TORONTO – The agency that oversees cancer care in Ontario, says a review that hundreds of patients did not receive full doses of cancer drugs because of problems with the way intravenous drugs were administered.
Cancer Care Ontario says that out of nearly 1,000 affected people, less than ten needed to receive an additional treatment as a result.
But the agency says the case is taken seriously and guidelines for hospitals on how to administer such drugs should be updated.
The dosing issue first arose in June when the Mississauga hospital west of Toronto informed the Cancer Care Ontario of medication that remained in intravenous tubes after patients received the treatment.
Cancer Care Ontario says it immediately asked all 74 Ontario hospitals that treatments for cancer medicines reviewed their procedures to ensure medication was properly managed.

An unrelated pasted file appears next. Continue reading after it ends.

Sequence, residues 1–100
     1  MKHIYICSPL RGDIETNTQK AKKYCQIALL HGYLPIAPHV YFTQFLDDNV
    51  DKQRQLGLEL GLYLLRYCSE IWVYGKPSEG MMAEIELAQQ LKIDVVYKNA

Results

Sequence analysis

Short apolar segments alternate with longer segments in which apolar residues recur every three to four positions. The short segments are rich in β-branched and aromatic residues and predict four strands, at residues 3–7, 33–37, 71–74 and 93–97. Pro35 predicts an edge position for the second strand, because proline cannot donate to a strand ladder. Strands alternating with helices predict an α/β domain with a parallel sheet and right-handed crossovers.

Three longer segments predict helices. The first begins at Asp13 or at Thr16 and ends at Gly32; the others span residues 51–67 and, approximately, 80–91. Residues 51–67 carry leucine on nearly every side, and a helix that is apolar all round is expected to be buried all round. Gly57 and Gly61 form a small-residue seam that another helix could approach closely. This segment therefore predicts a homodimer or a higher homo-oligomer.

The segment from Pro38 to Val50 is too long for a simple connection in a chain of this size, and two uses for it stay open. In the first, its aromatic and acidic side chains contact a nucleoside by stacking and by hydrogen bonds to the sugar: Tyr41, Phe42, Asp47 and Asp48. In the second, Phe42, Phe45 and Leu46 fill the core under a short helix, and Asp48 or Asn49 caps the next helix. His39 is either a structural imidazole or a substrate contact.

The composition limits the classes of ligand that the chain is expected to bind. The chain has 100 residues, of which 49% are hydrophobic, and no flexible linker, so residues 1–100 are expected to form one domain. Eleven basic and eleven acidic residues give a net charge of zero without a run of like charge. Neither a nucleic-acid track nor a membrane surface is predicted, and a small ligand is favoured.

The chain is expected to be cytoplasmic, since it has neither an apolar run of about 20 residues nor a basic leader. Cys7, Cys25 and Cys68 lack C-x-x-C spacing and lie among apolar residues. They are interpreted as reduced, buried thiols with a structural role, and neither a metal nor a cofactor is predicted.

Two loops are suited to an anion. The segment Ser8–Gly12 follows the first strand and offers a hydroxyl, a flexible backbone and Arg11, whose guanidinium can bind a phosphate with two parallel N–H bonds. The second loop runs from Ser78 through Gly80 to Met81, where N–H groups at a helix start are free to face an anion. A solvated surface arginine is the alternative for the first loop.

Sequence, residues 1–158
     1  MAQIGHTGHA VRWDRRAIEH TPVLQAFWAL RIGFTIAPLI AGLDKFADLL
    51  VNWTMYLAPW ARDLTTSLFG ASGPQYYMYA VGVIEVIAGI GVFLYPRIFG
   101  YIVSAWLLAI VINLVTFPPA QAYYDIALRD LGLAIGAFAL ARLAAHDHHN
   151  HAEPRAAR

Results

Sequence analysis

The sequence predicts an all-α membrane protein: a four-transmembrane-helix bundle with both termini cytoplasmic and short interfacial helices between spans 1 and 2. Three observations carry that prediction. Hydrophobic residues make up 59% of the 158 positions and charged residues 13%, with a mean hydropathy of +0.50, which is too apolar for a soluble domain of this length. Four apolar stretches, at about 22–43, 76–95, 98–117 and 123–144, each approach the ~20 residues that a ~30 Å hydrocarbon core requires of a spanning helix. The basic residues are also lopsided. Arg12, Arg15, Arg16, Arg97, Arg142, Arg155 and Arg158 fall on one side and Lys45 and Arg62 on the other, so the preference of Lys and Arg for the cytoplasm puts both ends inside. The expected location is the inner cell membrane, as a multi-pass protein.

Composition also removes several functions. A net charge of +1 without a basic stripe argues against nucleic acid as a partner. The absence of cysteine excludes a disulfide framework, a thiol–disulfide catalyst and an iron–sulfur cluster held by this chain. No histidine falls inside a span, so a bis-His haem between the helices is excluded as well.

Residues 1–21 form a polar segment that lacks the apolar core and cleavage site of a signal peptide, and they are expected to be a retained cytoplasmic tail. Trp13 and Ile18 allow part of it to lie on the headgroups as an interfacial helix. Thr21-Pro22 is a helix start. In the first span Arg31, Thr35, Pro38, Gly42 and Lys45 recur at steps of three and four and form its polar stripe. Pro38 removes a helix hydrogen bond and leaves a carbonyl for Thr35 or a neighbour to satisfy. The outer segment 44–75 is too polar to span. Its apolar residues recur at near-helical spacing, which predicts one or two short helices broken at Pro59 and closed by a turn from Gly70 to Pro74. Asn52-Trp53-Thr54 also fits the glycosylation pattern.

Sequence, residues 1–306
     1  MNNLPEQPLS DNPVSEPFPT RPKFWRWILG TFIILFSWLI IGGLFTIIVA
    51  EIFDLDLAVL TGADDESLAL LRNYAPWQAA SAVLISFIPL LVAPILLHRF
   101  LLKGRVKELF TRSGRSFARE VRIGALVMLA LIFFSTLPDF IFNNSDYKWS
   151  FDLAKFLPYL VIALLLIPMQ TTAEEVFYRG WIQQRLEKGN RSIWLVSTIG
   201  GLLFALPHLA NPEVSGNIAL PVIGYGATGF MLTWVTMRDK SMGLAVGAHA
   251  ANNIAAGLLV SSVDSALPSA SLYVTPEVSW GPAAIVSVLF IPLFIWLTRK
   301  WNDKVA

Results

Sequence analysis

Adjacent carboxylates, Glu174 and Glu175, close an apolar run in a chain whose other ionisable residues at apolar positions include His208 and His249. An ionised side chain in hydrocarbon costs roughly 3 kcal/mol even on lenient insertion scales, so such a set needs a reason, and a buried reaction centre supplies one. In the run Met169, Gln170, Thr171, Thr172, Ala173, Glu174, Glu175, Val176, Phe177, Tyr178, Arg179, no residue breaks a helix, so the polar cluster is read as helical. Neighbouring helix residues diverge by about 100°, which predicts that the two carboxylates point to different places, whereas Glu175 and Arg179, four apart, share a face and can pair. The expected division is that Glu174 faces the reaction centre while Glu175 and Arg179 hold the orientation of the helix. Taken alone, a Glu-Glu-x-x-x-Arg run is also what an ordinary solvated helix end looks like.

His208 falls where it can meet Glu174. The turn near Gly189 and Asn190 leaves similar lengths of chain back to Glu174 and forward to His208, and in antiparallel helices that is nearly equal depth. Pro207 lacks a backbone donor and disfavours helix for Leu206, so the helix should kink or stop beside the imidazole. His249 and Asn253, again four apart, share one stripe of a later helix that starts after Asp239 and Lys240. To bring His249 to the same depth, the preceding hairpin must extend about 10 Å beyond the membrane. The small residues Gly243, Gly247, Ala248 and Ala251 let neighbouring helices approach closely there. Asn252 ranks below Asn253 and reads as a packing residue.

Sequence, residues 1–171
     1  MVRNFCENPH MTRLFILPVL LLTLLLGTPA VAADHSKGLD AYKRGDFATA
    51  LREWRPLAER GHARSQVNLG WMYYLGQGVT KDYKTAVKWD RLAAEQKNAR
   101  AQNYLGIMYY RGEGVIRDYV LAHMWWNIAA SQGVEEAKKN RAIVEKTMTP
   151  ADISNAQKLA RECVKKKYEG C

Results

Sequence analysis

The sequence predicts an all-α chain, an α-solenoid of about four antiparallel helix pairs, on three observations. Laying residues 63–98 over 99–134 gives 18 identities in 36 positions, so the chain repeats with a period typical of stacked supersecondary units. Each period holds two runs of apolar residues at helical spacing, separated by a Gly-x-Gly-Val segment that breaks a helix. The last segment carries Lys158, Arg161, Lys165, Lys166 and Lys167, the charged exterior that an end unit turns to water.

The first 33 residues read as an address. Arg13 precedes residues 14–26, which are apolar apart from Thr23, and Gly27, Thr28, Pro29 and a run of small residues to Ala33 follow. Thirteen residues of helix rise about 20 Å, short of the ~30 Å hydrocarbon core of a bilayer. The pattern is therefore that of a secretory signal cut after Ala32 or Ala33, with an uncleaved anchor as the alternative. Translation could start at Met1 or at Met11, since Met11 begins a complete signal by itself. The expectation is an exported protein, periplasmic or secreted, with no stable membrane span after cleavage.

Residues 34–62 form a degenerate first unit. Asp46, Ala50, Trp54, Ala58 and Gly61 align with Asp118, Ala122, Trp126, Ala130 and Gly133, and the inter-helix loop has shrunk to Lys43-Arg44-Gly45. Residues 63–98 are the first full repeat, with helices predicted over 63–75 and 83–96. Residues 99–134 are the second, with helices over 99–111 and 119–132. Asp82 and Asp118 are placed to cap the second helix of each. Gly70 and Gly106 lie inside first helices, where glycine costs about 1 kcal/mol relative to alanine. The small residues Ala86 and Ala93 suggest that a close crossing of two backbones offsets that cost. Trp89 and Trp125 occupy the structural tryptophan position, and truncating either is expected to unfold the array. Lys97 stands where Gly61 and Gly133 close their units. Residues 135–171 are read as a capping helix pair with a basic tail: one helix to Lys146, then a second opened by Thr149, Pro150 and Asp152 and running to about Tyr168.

The agency says 35 hospitals reported back saying that they foun d issues with how three drugs were given to cancer patients.
Cancer Care Ontario said that 28 of those hospitals found nearly 1,000 patient records where they believed that patients did not receive the correct dose of those three drugs.
Two of the drugs are for immunotherapy, stimulating the immune system of a patient to fight cancer, Dr. Robin McLeod, vice president of clinical program & # 39; s and qualities initiatives at Cancer Care Ontario. One is for targeted therapy that identifies a gene that is related to cancer, she said.
The drugs are not as diluted as chemotherapeutics when they are administered via an intravenous tube, she said. That means that if there is a little bit of medication left in IV tubes, not receiving that amount can affect patients, she said.
All hospitals in Ontario that identified problems have changed the way they administer the drugs in the light of the assessment, McLeod said.
Cancer Care Ontario said that it also notified cancer care offices in other provinces of the issue.